WASHINGTON — The House Financial Services Committee passed a municipal advisor bill Wednesday after striking a requirement that MAs have written agreements with issuers, one of the bill’s most contentious provisions.

The amendment, introduced by Rep. Barney Frank, D-Mass., eliminated the phrase “in writing” from the MA definition in the bill, which was introduced last year by Rep. Robert Dold, R-Ill. The measure now defines an MA as a person who “is engaged, for compensation,” by a municipality to provide finance advice. 

However, lawmakers did not alter another controversial measure in the bill: an exception from the MA definition for dealers that provide advice “related to or in connection with” underwriting.

Critics have complained this will allow an underwriter to provide a range of advice to an issuer without being considered as an MA, which would have a fiduciary duty to the issuer and would have to meet MA rules.

The committee also approved a “technical correction” to the bill that would allow municipal advisors to be registered with the Securities and Exchange Commission under their firm’s name. Lawmakers said the SEC requested the change.

The bill passed with Democratic and Republican support and can now go to the full House for a vote, but sources would not speculate when.

Senate lawmakers have not introduced similar legislation, and some sources contend the Dold bill will never be approved by both chambers but will rather serve as a “message bill,”  designed primarily to guide the SEC as it finalizes a definition of a municipal advisor.

Frank told the committee Wednesday that he is “pleased the SEC, I think, will be following our lead.”

In an interview, Frank called his amendment an “anti-evasion” measure that would make it difficult for market participants who provide muni advice to escape oversight. “If you say it has to be in writing, some unscrupulous [people] will find a way” to provide advice without a written agreement, he said.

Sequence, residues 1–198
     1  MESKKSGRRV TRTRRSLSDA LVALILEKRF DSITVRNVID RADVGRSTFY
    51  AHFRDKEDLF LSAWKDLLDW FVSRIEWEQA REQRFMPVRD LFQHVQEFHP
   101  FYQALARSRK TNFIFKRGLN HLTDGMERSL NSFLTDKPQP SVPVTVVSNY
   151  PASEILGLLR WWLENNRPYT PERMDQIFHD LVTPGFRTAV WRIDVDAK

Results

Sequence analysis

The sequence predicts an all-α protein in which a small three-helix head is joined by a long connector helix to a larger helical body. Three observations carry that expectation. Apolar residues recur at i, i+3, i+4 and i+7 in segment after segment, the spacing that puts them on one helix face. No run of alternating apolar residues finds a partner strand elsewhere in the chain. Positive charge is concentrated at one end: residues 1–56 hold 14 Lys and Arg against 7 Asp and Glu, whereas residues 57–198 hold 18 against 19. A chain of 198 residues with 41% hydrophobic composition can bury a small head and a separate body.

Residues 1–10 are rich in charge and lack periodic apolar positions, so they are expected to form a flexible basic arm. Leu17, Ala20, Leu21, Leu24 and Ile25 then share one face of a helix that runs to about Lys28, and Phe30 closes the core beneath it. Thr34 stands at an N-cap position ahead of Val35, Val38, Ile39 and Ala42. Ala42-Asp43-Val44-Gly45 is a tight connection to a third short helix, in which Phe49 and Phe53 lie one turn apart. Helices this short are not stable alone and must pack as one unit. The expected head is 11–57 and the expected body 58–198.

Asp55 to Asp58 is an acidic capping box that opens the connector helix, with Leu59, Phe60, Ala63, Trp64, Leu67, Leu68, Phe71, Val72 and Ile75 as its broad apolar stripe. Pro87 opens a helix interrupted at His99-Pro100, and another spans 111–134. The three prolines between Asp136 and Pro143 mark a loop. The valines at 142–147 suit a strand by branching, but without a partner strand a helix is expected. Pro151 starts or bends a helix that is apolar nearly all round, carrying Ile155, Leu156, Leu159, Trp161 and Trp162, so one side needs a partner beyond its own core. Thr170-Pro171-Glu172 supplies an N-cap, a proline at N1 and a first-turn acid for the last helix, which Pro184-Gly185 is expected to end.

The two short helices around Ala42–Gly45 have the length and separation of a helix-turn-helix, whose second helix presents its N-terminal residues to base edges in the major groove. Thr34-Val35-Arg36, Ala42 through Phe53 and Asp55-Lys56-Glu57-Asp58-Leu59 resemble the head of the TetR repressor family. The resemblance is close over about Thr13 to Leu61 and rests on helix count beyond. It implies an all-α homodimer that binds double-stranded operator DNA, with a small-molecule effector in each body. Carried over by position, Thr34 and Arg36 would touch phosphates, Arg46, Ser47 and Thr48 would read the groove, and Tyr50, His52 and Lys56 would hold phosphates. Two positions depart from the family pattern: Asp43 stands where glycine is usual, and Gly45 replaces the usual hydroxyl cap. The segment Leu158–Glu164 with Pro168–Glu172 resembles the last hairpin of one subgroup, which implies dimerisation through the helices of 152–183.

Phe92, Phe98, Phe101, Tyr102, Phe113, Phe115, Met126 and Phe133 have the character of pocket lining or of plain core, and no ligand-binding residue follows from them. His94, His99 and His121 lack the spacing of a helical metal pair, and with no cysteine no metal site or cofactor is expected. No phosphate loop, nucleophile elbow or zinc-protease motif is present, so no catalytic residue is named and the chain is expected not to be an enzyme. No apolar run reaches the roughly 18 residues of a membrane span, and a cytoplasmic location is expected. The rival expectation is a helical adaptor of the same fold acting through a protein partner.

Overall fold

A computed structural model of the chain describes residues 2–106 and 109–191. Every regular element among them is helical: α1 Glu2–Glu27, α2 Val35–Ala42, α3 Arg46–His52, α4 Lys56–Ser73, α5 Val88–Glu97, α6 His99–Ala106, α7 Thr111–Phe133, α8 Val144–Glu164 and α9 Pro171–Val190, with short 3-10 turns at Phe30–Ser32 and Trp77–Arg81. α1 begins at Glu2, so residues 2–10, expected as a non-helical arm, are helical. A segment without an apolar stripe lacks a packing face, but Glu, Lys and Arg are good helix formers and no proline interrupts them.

Sources who declined to be identified said some muni market groups have avoided controversy by not publicly opposing a bill they believe will not become law.

But Colette Irwin-Knott, president of the National Association of Independent Public Finance Advisors, called Frank’s amendment “a step in the right direction.”

The group had warned that the earlier version of the bill, which defined MAs as those whose advisory engagements with issuers are “in writing,” would allow participants to avoid rules by advising without a written agreement.

Irwin-Knott said the group continues to have concerns about the bill’s exception for advice provided “in connection” with underwriting. NAIPFA has warned that the bill could allow market participants to provide advice without having to meet the federal fiduciary duty required under the Dodd-Frank Act.

The exception applies only when dealers do not receive separate compensation for the advice. Sources say they hope the SEC, when it finalizes its definition, will consider underwriters’ “management fees” to be compensation. They noted that underwriters commonly charge these fees when issuers do not have separate advisors.

The Government Finance Officers Association, which opposed exemptions in previous versions of Dold’s bill, did not respond to a request for comment.

Michael Decker, co-head of municipal securities at the Securities Industry and Financial Markets Association, said the “bill strikes the right balance in correcting the overreach in the SEC’s proposed rule.”

He said Frank “made a good point.” The earlier definition could have created an opportunity for some participants to skirt the rules, according to Decker.

“We are very happy with the outcome,” he said. “As amended [it] serves everybody’s purpose.”

Dold introduced the bill in response to criticism that the SEC’s initial municipal advisor definition — which was part of temporary MA registration rules put in place in 2010 — was too broad.

Market participants said that the definition would needlessly apply to bank tellers, engineers, attorneys and appointed or members of issuers’ boards. Under Dold’s measure they would not be municipal advisors.

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